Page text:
Domestic abuse can be:
- Physical violence
- Emotional abuse like name calling and threats
- Sexual abuse
- Financial control
- Controlling behaviour
Anyone can experience domestic abuse: people of all genders, ages and ethnicities.
How to get help
There are a range of services nationally and in Horsham District that support victims of domestic abuse. Visit the following websites for more information:
- National Domestic Abuse Helpline
- Rise UK
- Women's Aid
- Mens Advice Line
- ManKind Initiative
- The Hideout (for children and young people)
- Unseen Modern Slavery Helpline
- OPOKA National Helpline (Polish)
- Karma Nirvana (Force marriage and honour based abuse)
- National LGBT Domestic Violence Helpline
- Government guidance
- Worth Specialist Domestic Abuse Service
- Sussex Police
- West Sussex County Council local support
- Safe in Sussex
- Veritas Justice (Stalking support)
- Rape Crisis Surrey and Sussex
- Survivors Network
Pet fostering services
The following organisations provide a retreat for pets or those going into a refuge until the owner has a safe place to live and they can be reunited.
Opting out of the Government emergency alert
On Sunday 23 April there will be a test of the Government's new emergency alert. Mobile phones in the UK will make a loud siren-like sound.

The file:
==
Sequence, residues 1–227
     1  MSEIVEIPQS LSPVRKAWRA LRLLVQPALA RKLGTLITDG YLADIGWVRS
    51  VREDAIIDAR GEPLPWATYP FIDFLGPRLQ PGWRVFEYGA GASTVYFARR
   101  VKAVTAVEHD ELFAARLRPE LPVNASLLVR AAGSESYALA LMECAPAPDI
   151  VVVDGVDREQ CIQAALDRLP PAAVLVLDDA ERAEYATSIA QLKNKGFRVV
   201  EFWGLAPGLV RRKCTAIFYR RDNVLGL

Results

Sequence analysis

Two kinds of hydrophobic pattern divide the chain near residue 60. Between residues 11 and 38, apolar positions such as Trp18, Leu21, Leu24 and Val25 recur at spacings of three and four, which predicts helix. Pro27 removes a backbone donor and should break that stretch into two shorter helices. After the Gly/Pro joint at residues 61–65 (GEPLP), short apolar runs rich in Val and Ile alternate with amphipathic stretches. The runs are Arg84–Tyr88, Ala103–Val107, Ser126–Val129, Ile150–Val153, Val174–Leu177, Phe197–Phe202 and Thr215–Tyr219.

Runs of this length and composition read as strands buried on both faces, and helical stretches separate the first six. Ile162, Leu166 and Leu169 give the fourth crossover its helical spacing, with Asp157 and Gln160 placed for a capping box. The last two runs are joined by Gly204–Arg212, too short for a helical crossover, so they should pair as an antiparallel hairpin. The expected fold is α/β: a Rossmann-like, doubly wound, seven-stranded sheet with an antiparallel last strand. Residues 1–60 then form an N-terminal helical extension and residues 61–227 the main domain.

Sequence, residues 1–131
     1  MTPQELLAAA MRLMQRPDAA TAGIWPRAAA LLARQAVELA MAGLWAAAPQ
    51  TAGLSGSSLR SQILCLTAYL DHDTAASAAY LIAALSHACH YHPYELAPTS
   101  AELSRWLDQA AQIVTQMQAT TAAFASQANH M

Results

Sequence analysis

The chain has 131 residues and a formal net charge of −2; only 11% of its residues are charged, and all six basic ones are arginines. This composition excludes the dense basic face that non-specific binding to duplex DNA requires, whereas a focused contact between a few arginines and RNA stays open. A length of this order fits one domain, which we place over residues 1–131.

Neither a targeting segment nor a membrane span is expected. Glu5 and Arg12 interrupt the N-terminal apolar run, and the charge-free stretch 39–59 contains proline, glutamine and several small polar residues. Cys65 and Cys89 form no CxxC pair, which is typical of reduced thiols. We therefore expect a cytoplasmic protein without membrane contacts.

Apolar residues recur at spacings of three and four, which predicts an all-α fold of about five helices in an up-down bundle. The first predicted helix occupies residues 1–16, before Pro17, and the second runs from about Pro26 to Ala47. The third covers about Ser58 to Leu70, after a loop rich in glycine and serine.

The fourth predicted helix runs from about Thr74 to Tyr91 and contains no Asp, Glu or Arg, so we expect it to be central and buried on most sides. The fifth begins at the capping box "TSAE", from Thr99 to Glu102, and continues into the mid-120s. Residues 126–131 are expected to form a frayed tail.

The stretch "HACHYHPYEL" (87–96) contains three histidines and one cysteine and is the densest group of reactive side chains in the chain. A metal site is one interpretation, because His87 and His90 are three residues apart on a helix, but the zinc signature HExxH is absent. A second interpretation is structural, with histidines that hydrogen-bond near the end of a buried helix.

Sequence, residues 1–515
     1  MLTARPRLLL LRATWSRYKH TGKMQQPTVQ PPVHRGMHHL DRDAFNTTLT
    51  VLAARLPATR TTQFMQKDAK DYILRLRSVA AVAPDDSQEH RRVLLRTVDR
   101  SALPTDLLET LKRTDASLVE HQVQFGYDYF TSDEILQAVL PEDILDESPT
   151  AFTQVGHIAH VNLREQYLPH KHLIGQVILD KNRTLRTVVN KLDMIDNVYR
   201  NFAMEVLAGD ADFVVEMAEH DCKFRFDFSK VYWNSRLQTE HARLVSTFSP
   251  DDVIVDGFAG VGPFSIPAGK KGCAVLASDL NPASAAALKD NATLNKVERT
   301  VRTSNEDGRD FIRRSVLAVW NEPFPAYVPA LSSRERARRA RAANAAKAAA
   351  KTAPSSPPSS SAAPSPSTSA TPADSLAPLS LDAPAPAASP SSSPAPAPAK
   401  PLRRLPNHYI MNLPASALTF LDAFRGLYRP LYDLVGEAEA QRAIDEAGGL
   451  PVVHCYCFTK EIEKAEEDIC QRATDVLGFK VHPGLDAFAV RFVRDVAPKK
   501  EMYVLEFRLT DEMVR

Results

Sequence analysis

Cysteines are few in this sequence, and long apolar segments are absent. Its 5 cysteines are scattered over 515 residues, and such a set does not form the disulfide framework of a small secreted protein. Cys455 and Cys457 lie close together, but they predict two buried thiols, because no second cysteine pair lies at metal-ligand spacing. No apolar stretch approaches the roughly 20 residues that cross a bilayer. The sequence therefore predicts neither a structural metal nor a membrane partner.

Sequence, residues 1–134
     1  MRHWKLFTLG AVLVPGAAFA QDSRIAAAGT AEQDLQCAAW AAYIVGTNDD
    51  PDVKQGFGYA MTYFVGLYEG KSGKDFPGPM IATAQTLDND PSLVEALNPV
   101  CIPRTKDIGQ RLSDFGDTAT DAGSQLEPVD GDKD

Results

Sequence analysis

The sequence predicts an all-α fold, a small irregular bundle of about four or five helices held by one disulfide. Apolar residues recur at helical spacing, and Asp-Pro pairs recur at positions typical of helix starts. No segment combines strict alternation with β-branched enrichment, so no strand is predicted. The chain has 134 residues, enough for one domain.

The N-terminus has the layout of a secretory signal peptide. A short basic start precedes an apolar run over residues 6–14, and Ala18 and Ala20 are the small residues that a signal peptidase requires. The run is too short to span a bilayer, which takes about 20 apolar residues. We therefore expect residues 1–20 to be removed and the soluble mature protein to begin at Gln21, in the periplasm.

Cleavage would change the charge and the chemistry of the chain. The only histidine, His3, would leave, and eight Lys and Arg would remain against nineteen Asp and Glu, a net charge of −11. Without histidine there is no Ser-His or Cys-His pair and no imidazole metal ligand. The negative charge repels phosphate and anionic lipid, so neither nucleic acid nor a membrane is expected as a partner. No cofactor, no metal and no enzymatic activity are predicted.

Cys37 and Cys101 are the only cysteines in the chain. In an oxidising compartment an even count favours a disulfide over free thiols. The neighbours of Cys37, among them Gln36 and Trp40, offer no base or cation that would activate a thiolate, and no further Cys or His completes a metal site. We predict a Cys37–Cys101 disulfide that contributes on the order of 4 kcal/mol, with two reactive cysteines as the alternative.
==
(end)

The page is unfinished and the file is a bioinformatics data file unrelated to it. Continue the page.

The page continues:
If you have a concealed phone for your own safety, you can switch off the alert to stop the phone from sounding and revealing its location.
Recognising domestic abuse
The following webpages offer simple checks to help you consider whether you are part of a healthy or an abusive relationship.
- GOV.UK: Recognise domestic abuse in a relationship
- West Sussex County Council: The signs of an abusive relationship
- Women's Aid: Am I in an abusive relationship?
Things to do to help keep yourself safe
There are some practical safety steps you can take to reduce the risk of harm if you are in an abusive relationship.
- Speak to a trusted neighbour, friend or family member and arrange a safeword - or perhaps an emoji - that you can text quickly to alert them that you need emergency help
- If you are in a situation where violence is escalating, try to keep yourself close to exits and away from rooms where you are more likely to come to harm. Consider rooms with secure locks that you can lock yourself into to call for help
- The Hollie app features silent safeguarding options, including alerting chosen contacts with a shake of your phone
- If you can, use online and telephone support services, and stay in touch with trusted family members
Report domestic abuse
Call 999 if you are in immediate danger
If you are in immediate danger, call 999 and ask for the police.
If you are unable to talk, follow the advice of the call handler. This could include communicating in coughs or taps, or you may be asked to press 55 if calling from a mobile phone. Find more details on the government website.
Contact the National Domestic Abuse Helpline for support
If you or someone you know are experiencing domestic abuse, visit the National Domestic Abuse Helpline website or call the 24-hour helpline on 0808 2000 247 for confidential free support.